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Programme Audio was housed in the Main Street Music building at 102 East Main Street, Greenfield, IN.  Their specialty was bluegrass & country shows, from the smallest to the largest.  P.A. worked in CO, CT, and most every state in between.  1978 and '79 were the "big" years.

 

 

Bluegrass Festival of the United States, Louisville, KY.  It was held on the public plaza atop the Gault House Hotel's sizable parking garage.   Attendance was estimated to be over twenty thousand people at any one time, and well over one-hundred thousand during the course of the three day event.  All the guys looked forward to this one.  The first year P.A. did the BFotUS, Saturday night was closed out by Norman Blake on violin, and his wife Nancy on cello.  Now, over twenty years later, it still ranks as the most amazing set of music I have ever heard.

(The sort-of-line array pictured above worked quite well.  The boss thought it looked cool - he didn't know he was a pioneer.)

 

 

 

 

This early morning photo shows that although it is likely the most famous of bluegrass festivals, the late Bill Monroe's Bean Blossom Bluegrass Festival differs from most others only in the number of name artists who perform there.

See the Bean Blossom story at the bottom of this page.  And they say that rock'n'roll fans are derelicts.  Sheesh.

 

 

 

 

The annual WIRE Picnic country music festival was another of P.A.'s regular shows.  The picnic was the site of my "15 minutes of fame" (45 really), when I mixed FOH for Eddie Rabbit (the "Every which way but loose" guy) because his engineer decided that it was going to be too much trouble to fight his way through the throng to get to the console and back.

P.A. did this show in partnership with another local firm (now one of the most successful in the country), always setting up the night before.  One year the boss disappeared at around sundown.  He finally returned, having driven about 75 miles round trip to go back to the store for the Space Invaders arcade game.  Kids.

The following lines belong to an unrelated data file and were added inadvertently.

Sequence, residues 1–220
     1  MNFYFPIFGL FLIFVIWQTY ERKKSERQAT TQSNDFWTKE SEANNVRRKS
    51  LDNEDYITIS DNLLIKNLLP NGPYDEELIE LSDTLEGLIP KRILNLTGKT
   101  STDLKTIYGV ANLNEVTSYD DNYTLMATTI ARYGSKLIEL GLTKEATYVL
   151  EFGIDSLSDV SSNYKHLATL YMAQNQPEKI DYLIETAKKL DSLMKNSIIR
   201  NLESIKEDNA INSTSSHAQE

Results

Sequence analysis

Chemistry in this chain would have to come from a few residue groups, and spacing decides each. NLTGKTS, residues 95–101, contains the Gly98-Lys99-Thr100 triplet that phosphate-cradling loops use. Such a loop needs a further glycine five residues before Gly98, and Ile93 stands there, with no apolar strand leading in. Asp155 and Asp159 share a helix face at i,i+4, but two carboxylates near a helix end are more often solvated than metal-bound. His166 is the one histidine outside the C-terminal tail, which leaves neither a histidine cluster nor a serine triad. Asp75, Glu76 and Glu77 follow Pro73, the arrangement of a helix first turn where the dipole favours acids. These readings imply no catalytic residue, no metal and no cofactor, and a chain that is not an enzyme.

P.A.'s festival contracts called for the promoter to supply two small sets of scaffolding for the speaker stacks.  As most festivals were run on a shoestring budget, this "scaffolding" was usually two picnic tables.   On a "big ticket" festival, there would be real scaffolding, but most always without foot plates.  So, a couple of the legs would sink into the ground if there was much rainfall.  At one festival two pair of 55 gallon oil drums were considered to be scaffolding.

Security?  The soundguys are it, usually we camped out on the stage.  Have you ever: Tried to fall asleep at 1am to the sound of an upright bass thumping across a campground from a hill 150 yards away?  Been rousted from a sound sleep at 3am by a drunk blowing snot rockets off the side of the stage?  Had to dodge incoming Fourth of July bottle rockets?   Awakened surrounded by baked beans?  Rolled over in the morning to find that several dozen folks in lawn chairs were looking at you - well over an hour before show time?

One of the nice things about the Bean Blossom festival was that instead of the usual overflowing port-o-lets, there was a good old fashioned outhouse with a pit of near infinite capacity.  This outhouse was divided by a wall down the middle, forming an "eight hole-er" on each side (if memory serves), with the rows of seats back-to-back against the central dividing wall.  The fiberglass roof let in plenty of light, making it easy to see if your chosen seat was clean.  There was a downside to this however.  The wall that divided the men's side from the ladies' side did not drop fully into the pit - it continued only a little below seat level.  Boys of auto-erectile age noticed that the light shone down to the "water" below, giving those on the gents side a reflected silhouette view of those areas of a gal's anatomy that even "Daisy Duke" cutoffs did not reveal.  Boys who were too young to be interested in such things found that throwing a large rock into the pit from the men's side would splash the "water" upon the posteriors of the ladies seated on the other side.  The resultant wails of female horror were most always followed by some young fellow(s) getting a well deserved country style ass whuppin.

The topper may have been a festival in Ronceverte, West Virginia.  It was in a natural bowl, with a very high stage.  When we asked why the stage was surrounded by wire fencing, the promoter said "to keep the ying-yangs off the stage".  Swell.  Highlights of the weekend were a guy who showed up extremely drunk or stoned and dressed in only a blanket, word of an ear-ectomy the previous night, and a truckload of empty booze bottles at the front of the stage by the end of the festival.

 

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